Thirty-five Hurt In Kashmir Grenade Attack
13 February 2005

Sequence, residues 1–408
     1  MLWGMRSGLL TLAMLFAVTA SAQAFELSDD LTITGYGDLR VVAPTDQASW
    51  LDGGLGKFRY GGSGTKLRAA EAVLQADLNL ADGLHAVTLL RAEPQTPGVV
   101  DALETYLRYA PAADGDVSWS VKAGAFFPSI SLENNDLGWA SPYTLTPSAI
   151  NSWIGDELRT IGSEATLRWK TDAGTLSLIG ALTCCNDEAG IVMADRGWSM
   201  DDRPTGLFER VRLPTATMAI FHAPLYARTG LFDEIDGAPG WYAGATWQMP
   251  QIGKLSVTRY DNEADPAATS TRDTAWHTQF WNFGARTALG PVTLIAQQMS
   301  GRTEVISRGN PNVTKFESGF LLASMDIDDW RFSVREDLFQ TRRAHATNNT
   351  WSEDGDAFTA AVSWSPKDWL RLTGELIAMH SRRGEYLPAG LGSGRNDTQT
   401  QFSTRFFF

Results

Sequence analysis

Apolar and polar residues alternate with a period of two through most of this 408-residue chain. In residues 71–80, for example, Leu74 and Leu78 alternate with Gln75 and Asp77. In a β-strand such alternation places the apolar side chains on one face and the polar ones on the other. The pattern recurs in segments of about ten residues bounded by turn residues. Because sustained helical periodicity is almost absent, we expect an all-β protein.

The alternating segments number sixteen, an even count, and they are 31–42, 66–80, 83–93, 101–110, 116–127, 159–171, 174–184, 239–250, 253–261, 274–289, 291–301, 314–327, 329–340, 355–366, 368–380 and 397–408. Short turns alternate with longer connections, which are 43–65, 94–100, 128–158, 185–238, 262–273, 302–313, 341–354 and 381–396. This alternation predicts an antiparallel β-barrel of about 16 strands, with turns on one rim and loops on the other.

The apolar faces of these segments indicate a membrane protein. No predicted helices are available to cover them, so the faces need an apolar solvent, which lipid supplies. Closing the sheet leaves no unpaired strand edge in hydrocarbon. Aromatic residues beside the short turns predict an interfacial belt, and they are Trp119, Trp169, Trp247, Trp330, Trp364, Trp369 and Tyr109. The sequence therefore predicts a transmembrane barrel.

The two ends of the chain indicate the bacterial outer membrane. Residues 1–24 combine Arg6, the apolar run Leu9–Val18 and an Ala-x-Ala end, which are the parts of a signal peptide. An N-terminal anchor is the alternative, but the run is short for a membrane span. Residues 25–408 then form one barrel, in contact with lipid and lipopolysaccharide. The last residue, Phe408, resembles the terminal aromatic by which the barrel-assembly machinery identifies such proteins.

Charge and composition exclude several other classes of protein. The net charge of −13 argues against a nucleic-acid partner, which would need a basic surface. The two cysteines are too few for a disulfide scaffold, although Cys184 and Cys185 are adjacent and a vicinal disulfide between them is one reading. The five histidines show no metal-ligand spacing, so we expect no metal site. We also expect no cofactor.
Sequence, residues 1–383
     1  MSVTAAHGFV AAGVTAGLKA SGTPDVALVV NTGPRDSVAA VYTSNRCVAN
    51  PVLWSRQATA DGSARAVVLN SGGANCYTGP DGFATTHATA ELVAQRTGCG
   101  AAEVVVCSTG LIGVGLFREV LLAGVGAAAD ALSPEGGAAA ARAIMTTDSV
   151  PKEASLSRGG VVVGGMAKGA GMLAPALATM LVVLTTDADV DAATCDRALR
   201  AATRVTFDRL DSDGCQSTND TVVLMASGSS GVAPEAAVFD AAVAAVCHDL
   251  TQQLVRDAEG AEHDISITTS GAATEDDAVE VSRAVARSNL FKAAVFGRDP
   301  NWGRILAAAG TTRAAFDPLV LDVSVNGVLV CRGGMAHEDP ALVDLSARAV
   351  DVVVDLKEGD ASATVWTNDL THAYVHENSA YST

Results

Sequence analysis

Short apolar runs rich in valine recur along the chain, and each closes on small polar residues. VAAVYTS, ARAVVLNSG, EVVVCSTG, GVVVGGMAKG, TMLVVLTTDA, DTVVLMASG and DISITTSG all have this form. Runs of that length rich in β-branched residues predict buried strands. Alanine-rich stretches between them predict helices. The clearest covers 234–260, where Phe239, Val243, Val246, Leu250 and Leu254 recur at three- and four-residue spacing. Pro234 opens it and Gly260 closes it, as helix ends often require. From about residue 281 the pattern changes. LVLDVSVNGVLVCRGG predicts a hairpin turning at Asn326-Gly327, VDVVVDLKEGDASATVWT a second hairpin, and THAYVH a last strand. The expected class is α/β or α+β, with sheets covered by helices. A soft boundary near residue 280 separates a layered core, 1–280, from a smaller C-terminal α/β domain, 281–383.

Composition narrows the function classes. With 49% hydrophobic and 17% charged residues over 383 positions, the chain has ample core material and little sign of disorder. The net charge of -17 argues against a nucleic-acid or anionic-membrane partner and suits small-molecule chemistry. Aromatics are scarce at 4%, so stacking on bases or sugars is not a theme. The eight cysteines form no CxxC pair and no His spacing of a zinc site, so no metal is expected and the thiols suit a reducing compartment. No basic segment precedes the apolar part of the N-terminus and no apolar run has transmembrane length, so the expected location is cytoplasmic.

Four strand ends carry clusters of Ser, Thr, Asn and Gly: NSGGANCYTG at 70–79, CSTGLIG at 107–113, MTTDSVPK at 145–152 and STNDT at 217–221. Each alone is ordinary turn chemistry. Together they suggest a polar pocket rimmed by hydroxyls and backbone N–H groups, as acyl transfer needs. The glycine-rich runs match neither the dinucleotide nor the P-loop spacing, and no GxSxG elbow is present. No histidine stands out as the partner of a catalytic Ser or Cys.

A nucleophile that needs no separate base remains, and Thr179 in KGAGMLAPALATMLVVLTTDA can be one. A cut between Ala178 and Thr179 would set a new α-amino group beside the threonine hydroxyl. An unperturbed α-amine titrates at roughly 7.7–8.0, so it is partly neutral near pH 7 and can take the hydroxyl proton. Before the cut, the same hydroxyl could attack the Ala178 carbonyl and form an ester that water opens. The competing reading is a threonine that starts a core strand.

Srinagar: At least 35 people were wounded on Sunday when suspected separatist guerrillas threw a grenade on a crowded road in Indian Kashmir, police said. They said militants attacked an army vehicle with a grenade in Shopian town south of Srinagar, Kashmir's summer capital, but the grenade missed the target and exploded on the road. A soldier was also wounded in the blast. The violence comes ahead of Indian Foreign Minister Natwar Singh's visit to Islamabad on Tuesday for talks with Pakistani leaders aimed at restoring faith in a peace process that South Asia's nuclear rivals began a year ago. Authorities say separatist violence has declined since last year in Kashmir, at the centre of tensions between nuclear rivals India and Pakistan. But people are still killed in daily bombing and fighting between militants and soldiers. 'After a loud explosion, I heard people crying for help, most of them were bleeding,' Nazir Ahmad, who was wounded in the attack, said in a Srinagar hospital. No militant group has claimed responsibility for the explosion so far. Authorities say more than 45,000 people have been killed since a rebellion broke out in 1989 in Jammu and Kashmir, India's only Muslim-majority state.